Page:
Amid the standard collections of code samples and white papers were bits of code that Microsoft hopes will get independent software vendors busy thinking about how to build next-generation applications for Windows "Longhorn" and SQL Server "Yukon" with Visual Studio "Whidbey."
On their way to lunch on Monday, attendees got:
Lest anyone have the urge to go out and deploy the Developer Preview of Longhorn across a corporate network, Microsoft group vice president for platforms Jim Allchin attempted to set expectations.
"We still are very early. We've never shared bits this early," Allchin said. "There's things in terms of the programming model that we haven't cleaned up yet. Performance is not good."
"You should put [it] on only high end machines, and I propose that you not put it on any production machines, and I propose that you not connect it -- at least not knowingly -- to the Internet."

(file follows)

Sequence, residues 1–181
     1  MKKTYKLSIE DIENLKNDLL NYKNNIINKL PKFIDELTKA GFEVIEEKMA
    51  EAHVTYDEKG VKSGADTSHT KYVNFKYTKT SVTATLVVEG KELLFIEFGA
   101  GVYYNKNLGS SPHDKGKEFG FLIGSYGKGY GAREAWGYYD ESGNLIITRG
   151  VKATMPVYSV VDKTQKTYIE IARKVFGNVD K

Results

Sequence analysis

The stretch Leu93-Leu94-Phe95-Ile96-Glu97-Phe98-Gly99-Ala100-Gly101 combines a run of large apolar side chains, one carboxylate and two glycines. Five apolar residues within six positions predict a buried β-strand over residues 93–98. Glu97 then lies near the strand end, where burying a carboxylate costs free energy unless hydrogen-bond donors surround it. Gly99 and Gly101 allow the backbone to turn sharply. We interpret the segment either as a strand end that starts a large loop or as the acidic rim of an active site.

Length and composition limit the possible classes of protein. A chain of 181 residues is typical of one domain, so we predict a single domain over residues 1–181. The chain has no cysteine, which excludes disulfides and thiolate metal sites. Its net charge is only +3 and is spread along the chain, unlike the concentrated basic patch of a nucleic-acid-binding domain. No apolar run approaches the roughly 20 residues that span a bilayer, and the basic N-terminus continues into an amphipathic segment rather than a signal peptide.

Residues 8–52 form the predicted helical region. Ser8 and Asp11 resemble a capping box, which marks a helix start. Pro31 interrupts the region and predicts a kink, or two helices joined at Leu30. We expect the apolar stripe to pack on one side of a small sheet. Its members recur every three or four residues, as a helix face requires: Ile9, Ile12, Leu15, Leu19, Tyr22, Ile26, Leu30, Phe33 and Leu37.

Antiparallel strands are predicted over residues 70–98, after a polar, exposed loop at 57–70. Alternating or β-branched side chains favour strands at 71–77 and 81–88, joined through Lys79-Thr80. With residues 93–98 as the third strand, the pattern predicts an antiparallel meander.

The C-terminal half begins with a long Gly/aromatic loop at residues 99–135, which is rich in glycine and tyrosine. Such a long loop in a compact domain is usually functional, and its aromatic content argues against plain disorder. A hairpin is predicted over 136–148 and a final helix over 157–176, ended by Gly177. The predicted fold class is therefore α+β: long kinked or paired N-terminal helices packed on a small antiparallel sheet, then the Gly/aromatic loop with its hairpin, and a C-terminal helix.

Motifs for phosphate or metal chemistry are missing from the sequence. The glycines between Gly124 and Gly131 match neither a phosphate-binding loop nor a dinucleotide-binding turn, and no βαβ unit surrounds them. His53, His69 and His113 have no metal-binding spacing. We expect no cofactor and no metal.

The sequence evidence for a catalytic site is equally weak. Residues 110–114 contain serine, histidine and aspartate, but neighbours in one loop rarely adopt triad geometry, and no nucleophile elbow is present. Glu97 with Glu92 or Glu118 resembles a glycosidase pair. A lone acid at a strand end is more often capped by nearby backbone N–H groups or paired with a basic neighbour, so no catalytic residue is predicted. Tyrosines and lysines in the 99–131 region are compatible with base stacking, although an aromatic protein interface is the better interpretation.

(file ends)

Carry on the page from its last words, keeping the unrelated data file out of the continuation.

About the Author
Scott Bekker is editor in chief of Redmond Channel Partner magazine.
Let's walk through what to do and what you should avoid when group policy structures get a bit complicated.
Microsoft on Wednesday confirmed that it has addressed a so-called "BingBang" security issue that affected "small number of our internal applications" due to Azure Active Directory authorization misconfigurations.
Microsoft acknowledged that its emerging AI-based Bing search could affect content publisher revenue models, but also suggested that it is willing to talk terms.
Microsoft gave notice to organizations using perpetual-license Office versions about a coming 2023 milestone that could result in iffy Microsoft 365 services connections in this Wednesday announcement.
Microsoft's ongoing layoffs are hitting its home turf, with new notices affecting 1,248 people in the Redmond, Bellevue and Issaquah, Wash. areas in May.
More Tech Library